What You Are Capable Of

There is nothing everyone is so afraid of as being told how vastly much he is capable of. You are capable of - do you want to know? - you are capable of living in poverty; you are capable of standing almost any kind of maltreatment, abuse, etc. But you do not wish to know about it, isn't that so? You would be furious with him who told you so, and only call that person your friend who bolsters you in saying: 'No, this I cannot bear, this is beyond my strength, etc.
Søren Kierkegaard, from the journals

To my mind, this quote is up there with any of his aphorisms (including this), except for that amazing quote that begins pretty much every Kierkegaard journal or quote compilation:

I have just now come from a party where I was its life and soul; witticisms streamed from my lips, everyone laughed and admired me, but I went away — yes, the dash should be as long as the radius of the earth's orbit ——————————— and wanted to shoot myself.

Wednesday, 9 November 2011

Nuke The Vatican

A comment from a Daylight Atheism post, reproduced in full:

I have so often wondered: if we impose the death penalty on murderers and those sociopaths who are simply too dangerous to allow to continue living, what would be the morality of having all religious people executed? for the good for humanity.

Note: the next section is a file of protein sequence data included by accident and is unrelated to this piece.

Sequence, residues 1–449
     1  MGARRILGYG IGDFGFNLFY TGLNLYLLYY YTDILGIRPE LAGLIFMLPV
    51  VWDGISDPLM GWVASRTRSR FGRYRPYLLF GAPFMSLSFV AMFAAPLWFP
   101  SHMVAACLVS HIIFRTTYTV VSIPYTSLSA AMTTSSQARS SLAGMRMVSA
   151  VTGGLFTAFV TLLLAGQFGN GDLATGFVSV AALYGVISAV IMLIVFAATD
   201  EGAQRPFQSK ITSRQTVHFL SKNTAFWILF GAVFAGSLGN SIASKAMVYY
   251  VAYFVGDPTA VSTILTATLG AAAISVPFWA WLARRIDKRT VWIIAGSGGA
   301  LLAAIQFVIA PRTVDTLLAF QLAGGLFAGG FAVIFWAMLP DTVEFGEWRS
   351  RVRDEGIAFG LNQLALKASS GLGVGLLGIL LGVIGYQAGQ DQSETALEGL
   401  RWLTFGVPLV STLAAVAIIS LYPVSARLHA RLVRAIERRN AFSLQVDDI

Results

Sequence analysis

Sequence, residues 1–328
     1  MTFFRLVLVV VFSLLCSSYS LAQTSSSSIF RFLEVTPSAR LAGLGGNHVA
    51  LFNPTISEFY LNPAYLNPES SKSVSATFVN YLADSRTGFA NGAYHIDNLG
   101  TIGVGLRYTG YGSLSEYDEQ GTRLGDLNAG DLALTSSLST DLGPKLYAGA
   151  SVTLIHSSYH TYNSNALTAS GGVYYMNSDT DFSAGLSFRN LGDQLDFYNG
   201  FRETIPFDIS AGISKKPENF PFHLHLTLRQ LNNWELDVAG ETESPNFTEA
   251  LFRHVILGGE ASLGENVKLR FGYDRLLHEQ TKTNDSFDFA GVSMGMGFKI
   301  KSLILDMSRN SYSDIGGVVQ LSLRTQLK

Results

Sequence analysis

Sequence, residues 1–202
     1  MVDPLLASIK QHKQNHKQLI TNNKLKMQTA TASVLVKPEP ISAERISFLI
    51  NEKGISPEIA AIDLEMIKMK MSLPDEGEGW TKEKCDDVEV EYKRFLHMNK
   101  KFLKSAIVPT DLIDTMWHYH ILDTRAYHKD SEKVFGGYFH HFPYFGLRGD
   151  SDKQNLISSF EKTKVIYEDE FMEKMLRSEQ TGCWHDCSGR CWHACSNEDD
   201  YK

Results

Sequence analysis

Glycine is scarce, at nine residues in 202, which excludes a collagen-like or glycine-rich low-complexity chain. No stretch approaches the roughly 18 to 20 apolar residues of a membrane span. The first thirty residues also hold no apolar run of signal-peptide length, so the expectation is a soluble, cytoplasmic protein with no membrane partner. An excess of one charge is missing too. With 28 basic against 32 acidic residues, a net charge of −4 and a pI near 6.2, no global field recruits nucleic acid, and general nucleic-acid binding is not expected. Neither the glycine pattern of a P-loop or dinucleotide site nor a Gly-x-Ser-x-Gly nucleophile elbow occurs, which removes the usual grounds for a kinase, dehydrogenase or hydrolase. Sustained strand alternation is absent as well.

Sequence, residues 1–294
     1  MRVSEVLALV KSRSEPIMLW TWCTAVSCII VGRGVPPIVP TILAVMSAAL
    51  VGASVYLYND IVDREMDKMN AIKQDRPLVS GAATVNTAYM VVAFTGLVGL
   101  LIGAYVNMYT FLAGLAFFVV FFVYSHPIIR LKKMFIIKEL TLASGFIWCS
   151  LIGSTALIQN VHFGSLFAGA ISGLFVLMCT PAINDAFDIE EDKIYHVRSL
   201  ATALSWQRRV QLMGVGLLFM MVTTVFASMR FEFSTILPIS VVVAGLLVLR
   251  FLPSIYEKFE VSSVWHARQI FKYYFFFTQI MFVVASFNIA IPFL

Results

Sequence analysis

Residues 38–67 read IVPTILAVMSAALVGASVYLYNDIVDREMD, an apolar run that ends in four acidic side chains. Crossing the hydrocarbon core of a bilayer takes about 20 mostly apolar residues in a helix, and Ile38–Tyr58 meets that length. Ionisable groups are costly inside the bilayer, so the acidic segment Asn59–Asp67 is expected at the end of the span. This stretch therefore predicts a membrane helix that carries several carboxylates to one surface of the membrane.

I simply, despite trying, cannot come up with a reason why this should not be done except that it would be an extreme measure and that no human is fit to make such a decision (the giver of the order, that is). Which is, apparently, the main difference between myself and any fundamentalist I've yet to meet: I'm willing to admit that the world would be better off without religious people, but I'm not willing to do what would need to be done to protect humanity.

But -- they are, because they offload the incredible arrogance and and wicked ego-centrism by claiming that an external source (god) declares it to be morally alright.

The ends, the means, and the question of whether the cure is better than the disease. 

Obviously this isn't representative of atheist thought - on the thread itself, the regulars jump down this guy's throat.  Still, he doesn't seem like a troll to me.  This is the sort of thing that leads people to equate atheism with Stalinism - hell, it's the idealized form of such a thing.  Protect humanity?  God help us.

Sunday, 6 November 2011

Another Country